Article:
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Mystery of the skeleton hijacked by Nazis and Soviets

For decades, archaeologists have grappled with the identity of a 10th-Century skeleton discovered at Prague Castle, and the remains were exploited by both the Nazis and Soviets for ideological purposes.
But attempts to pin a clear ethnic label on a 1,000-year-old corpse perhaps reveal more about us than him.
He lies, his head angled to the left, his right hand resting on an iron sword. By his left hand are a pair of knives, the skeletal fingers reaching out almost as if to touch them.
By his elbow are what could have been a razor as well as a fire-steel - a medieval firelighter that was as much a status symbol as anything else.
At his feet are the remains of a small wooden bucket - similar to those used as ceremonial drinking vessels by the Vikings - and an iron axe-head.
But it is the warrior's sword that catches the eye. Just under a metre long, it is still a thing of power and beauty despite 10 centuries of corrosion.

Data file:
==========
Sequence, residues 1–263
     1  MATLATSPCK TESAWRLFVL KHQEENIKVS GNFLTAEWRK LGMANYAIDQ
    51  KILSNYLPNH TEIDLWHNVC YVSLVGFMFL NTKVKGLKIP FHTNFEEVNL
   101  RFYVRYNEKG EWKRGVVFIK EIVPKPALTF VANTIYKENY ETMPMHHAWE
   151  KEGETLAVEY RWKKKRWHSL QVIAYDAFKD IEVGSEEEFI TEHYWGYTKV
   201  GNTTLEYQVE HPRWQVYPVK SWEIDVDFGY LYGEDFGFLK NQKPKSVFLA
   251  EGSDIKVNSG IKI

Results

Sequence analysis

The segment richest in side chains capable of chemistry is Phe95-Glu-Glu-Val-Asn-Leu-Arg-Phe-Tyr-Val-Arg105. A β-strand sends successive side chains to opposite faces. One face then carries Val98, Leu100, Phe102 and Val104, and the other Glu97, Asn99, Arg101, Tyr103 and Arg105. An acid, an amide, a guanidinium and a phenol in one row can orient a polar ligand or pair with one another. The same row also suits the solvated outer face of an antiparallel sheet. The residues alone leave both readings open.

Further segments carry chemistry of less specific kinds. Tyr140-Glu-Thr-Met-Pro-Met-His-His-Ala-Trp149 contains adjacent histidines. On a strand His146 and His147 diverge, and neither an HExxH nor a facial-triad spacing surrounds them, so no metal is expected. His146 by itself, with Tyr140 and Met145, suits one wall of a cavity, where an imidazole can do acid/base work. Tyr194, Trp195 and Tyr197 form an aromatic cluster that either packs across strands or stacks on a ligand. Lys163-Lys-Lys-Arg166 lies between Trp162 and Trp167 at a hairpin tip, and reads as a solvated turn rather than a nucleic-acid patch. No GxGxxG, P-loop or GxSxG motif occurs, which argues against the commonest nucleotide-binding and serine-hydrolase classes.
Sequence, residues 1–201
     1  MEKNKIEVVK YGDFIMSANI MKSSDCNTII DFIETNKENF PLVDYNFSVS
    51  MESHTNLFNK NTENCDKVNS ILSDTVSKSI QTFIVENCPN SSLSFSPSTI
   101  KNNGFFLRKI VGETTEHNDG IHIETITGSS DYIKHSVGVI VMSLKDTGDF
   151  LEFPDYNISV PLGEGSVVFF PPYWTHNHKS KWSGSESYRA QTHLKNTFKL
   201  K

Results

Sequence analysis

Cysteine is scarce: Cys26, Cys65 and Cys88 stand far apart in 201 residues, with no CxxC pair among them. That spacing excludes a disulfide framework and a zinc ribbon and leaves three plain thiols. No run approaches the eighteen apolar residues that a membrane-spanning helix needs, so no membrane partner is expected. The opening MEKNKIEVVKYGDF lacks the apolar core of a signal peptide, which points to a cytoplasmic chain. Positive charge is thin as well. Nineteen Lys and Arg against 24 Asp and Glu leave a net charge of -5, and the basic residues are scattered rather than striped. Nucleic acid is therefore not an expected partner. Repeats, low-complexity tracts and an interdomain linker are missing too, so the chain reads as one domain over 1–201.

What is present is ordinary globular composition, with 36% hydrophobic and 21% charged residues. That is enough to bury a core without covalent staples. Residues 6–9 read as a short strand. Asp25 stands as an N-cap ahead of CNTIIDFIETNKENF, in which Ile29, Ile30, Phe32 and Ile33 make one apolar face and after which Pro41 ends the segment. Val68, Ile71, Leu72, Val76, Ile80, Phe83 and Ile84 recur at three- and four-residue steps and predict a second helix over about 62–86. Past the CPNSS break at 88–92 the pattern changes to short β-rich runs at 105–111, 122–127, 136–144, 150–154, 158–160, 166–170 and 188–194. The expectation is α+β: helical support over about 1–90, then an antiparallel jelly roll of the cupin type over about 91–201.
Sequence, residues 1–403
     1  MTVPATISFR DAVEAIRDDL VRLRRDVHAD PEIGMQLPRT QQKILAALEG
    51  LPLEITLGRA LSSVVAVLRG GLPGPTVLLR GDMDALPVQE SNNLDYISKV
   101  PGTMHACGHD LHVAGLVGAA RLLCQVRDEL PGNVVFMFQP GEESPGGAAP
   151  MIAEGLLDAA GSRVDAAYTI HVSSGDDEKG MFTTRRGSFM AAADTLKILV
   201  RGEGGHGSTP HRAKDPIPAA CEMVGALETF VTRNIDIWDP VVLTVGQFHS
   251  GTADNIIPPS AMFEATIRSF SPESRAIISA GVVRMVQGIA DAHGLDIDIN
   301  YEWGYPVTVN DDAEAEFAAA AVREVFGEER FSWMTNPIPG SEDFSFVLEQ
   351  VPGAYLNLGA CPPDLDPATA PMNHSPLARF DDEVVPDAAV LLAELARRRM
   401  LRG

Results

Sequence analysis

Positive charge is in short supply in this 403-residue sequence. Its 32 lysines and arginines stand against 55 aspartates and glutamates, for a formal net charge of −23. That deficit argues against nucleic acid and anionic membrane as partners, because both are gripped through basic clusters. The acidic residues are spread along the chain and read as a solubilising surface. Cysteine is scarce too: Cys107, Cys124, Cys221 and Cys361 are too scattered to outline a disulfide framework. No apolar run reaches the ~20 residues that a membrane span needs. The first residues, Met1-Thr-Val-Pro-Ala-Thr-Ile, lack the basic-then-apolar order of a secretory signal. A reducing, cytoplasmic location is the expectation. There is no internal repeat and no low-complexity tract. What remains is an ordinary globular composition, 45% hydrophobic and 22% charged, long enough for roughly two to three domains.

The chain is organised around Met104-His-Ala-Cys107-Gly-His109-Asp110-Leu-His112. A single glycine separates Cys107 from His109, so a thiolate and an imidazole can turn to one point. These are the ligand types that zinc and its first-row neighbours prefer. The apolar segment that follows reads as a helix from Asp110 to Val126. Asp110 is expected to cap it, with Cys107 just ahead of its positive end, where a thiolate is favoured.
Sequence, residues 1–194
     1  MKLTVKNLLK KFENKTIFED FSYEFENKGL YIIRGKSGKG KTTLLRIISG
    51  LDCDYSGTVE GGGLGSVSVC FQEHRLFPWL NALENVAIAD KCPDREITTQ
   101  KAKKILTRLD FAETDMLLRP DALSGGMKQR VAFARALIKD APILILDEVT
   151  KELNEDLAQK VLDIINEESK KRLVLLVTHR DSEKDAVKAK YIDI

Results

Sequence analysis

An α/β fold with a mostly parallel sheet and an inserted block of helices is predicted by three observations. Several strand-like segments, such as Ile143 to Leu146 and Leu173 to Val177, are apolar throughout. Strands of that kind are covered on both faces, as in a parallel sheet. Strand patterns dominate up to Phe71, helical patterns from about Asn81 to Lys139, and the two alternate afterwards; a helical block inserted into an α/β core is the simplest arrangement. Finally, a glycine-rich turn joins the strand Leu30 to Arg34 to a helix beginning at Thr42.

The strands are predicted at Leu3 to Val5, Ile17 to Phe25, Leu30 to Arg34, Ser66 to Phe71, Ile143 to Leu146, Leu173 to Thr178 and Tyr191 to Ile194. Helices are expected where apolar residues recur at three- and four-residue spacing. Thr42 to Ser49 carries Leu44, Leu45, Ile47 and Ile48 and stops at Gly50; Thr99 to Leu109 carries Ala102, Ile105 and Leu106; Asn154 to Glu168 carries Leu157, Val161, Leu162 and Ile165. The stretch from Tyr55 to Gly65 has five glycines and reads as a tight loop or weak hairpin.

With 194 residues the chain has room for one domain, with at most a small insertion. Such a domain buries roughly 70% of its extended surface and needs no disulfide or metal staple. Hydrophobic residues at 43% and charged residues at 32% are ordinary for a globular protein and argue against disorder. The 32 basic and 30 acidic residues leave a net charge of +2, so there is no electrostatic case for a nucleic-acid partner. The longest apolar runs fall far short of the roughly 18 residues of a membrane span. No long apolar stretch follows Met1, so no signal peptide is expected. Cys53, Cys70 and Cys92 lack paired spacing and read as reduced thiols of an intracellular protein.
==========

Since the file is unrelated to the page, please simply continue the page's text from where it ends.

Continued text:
Was he a Viking?

"The sword is of good quality, probably made in Western Europe," said Prof Jan Frolik, a medieval archaeologist at the Czech Academy of Sciences.
This type of sword was used by Vikings in Northern Europe, modern-day Germany, England and Central Europe, and by others too.
"So most of his equipment is Viking or at least Viking-like. But his nationality is a question," he added.
It's a question that has intrigued and confounded historians ever since the warrior skeleton was unearthed at Prague Castle by Ukrainian archaeologist Ivan Borkovsky in 1928.

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